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Why you should use Github projects

When developing software, it is important that the right tool is used, which makes it possible to achieve the desired result in steps. At school, Trello was mainly recommended to use because it is free and flexible. I often used Trello for many school projects. From the start I didn't think the tool was great. I missed many parts that were not included as standard. You could get these via power-ups, but then you often had to pay. As a student I was not willing to do this at the time.

During one of my internships, the company where I interned worked with Jira. When I started working with this, I quickly saw that a lot is possible with this tool. For example, you can create a board for development, but you could also create a board for bugs. This way you had sufficient overview. From that moment on I was convinced this was a good tool to work with. Then I started using Jira mainly for my own projects, but also for group assignments at school.

Until two weeks ago I started delving more into Github projects. Before graduating, I had to look at which tools I wanted to work with. So I started investigating what else was possible besides Jira. While looking at these different tools, Github projects also came up.

What is is Github projects?

control and collaboration on software development projects. GitHub Projects is designed to help teams and individuals manage and track the progress of their projects, whether they are software development projects, content creation, or any other type of collaborative work. It provides a visual and flexible way to organize and prioritise tasks and keep tabs on project status.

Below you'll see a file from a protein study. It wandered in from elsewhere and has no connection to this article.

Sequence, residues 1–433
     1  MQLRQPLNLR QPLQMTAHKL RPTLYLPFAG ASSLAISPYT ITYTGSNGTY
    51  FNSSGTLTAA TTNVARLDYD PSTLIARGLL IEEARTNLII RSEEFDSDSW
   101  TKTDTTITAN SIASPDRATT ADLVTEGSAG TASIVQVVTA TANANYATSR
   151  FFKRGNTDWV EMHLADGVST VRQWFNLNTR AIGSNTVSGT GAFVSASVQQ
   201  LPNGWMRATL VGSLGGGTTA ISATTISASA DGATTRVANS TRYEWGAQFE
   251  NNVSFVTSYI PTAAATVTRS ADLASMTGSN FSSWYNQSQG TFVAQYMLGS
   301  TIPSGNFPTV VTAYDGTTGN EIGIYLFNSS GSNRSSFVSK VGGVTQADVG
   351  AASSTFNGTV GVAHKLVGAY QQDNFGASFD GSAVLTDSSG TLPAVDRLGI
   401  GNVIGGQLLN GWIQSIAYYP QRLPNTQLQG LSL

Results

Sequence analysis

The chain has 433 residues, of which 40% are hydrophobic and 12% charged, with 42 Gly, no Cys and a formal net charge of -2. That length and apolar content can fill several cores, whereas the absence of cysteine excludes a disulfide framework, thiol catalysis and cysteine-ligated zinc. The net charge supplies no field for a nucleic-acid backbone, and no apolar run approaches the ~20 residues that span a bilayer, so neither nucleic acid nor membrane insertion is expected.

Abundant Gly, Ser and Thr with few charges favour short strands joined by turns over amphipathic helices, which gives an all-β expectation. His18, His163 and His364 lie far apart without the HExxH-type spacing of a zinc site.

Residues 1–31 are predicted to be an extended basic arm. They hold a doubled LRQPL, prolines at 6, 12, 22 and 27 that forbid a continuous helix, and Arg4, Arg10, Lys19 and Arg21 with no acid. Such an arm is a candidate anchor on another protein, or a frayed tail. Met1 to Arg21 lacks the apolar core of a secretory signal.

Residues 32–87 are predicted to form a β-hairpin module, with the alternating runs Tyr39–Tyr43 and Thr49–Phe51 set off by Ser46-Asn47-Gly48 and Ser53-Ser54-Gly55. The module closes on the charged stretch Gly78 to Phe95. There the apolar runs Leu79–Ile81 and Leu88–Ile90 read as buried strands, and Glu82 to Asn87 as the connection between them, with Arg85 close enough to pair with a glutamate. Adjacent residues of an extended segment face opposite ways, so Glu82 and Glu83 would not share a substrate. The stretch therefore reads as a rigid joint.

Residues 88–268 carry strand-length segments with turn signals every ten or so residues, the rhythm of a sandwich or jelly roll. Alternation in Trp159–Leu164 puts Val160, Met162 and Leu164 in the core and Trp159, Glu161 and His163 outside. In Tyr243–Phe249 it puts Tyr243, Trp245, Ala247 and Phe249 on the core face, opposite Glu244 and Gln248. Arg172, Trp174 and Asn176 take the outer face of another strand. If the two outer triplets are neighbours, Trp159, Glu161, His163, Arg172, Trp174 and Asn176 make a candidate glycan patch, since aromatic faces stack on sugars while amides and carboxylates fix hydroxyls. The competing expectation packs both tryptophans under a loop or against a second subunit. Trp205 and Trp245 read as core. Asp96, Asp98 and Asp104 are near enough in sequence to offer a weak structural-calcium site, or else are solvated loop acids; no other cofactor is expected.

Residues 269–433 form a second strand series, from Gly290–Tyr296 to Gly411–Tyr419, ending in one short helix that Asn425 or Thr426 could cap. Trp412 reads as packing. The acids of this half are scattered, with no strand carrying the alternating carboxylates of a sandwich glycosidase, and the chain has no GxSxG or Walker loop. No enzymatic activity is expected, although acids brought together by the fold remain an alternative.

From Jira to Github projects

I had heard of Github projects before, but had never actually worked with them. To try it out I created a test project. At first I found it a bit confusing how precise the structure of the Github project was. This way you do not create a project for a repository, but you create a project for the organization in which you belong. You can then indicate in the project to which repository this specific ticket is intended.

The advantage of this is that you can create a project per team. In the team you can then see all your projects that you tackle as a team. This means you don't have to set up everything per project to make it the same everywhere. You only have to create a kind of template in one place. You can then filter the projects using filters, but you can also filter other fields.

What I especially like about the Github project is that your code is also within Github, but now also your project management. This way you don't have to keep track of everything in two places. This way you can easily create a branch via an issue on Github and you have a better overview.

You can also use Github's CLI to manage your project in your terminal. This way you can easily view an issue via the terminal and you no longer have to go all the way to the browser to view it.

A disadvantage with Github projects is that you cannot easily get a client within Github projects. For this, the customer must create a Github account. This can be a bit overwhelming for a customer. You can of course also question whether a customer has access to Github projects.

For teams that are not yet using Github projects, I would challenge them to give it a try to see if it is something for them. I think eventually using it in conjunction with the CLI will allow the team to be more productive.